We wrote earlier this month about how many parents view their pre teens’ internet safety in the framework of whether or not they have a Facebook account. For many parents, Facebook equals social media, and if they haven’t given their child permission to have a Facebook account (a) they don’t have one, and (b) their online activities are probably safe.
Percentage if European children aged 6 – 9 who have their own Facebook account:
- UK – 56%
- Spain – 61%
- Germany – 12%
- France – 14%
I’m willing to bet that not all of the parents above expressly gave consent for the children to have a Facebook account.
What are the risks if your 9 year old is on Facebook without your knowledge? They primarily revolve around safety, obviously:
- Privacy settings might not be set appropriately
- Checkins or geolocation information may give strangers too much information about where she is and when
- Too many personal photos
- Personally identifying information such as email address, home address, close friends, favorite activities
All of the above could make your child open to approach or contact by a potential predator, or give that predator enough info to make a credible entree. Just being on Facebook could expose her to inappropriate content, depending on what your definition of this is.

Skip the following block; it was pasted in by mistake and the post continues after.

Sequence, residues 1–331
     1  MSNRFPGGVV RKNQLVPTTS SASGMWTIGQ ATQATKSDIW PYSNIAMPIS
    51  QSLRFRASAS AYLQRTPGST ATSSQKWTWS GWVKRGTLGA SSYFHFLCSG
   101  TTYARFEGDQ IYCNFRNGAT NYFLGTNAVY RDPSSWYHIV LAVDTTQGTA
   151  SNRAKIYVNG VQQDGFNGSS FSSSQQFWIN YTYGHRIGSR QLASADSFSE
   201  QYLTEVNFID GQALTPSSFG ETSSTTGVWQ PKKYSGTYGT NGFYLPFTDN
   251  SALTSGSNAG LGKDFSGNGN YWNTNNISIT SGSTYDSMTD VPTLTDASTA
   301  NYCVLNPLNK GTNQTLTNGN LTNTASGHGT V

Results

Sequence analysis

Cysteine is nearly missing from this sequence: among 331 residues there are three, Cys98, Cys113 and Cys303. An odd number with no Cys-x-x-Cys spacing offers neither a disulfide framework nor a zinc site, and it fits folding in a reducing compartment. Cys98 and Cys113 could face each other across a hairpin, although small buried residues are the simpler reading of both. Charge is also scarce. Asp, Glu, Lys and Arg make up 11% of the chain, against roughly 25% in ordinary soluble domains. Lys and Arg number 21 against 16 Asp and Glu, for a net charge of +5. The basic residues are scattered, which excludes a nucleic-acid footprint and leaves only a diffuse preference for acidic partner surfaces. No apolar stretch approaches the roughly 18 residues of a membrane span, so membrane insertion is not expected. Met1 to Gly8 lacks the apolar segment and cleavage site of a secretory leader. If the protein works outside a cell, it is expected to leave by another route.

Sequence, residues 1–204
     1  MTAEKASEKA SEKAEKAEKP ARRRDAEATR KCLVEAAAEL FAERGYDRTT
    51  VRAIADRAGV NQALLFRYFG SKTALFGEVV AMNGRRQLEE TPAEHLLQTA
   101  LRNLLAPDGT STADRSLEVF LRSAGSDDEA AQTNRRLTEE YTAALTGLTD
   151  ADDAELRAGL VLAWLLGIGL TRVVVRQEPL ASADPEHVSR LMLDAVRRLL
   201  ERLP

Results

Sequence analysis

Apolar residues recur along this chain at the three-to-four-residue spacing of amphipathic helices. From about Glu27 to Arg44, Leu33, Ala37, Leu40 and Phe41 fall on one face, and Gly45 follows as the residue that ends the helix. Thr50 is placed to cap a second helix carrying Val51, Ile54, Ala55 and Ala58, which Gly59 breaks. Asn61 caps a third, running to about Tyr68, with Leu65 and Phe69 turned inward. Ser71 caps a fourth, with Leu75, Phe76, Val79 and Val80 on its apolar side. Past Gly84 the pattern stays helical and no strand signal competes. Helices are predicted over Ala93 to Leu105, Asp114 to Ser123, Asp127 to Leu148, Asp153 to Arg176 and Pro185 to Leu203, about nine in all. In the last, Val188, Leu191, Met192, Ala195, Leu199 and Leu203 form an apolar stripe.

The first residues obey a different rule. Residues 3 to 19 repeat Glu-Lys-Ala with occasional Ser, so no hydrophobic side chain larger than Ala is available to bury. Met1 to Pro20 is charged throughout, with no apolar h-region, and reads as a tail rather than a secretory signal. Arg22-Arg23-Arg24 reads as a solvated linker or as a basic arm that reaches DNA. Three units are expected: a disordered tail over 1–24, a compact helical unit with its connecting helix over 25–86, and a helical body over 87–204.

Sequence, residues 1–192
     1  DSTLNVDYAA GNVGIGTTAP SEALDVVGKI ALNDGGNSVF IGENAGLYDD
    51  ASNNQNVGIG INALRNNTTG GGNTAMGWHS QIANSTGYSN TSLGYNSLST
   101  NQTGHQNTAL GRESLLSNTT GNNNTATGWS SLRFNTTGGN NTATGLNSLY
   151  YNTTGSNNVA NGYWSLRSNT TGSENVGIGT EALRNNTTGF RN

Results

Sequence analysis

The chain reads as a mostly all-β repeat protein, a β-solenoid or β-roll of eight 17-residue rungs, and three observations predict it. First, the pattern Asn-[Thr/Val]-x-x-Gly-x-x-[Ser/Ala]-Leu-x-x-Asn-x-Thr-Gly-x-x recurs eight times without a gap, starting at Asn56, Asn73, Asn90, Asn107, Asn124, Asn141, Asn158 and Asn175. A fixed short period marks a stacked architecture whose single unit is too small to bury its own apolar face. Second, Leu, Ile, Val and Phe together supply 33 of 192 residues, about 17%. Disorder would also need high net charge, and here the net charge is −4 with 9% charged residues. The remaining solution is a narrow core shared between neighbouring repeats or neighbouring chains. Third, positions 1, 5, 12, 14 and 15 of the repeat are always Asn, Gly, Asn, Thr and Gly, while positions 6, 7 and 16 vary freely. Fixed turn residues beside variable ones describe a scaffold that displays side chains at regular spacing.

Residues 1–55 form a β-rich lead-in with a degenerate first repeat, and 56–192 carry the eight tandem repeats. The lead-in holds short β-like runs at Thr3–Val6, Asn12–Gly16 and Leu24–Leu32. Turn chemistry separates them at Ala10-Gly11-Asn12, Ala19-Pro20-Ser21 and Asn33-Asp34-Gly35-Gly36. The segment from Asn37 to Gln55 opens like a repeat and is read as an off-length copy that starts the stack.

If your 9 year old has an email address, she can easily sign up for Facebook, ignoring the fact that the stated age limit is 13 (14 in Spain). The Facebook sign up process asks your age, but has no way of verifying it.
Go ahead and ask your son or daughter if they have a Facebook account. And feel free to ask again next month. If her friends decide to get on Facebook one day, she probably will too. We’re not saying that she shouldn’t be on Facebook; we’ll leave that decision to parents. Knowledge of what really going on is a necessary first step to guiding safe behavior.
Contact ThirdParent any time for help and resources for monitoring teen internet activity.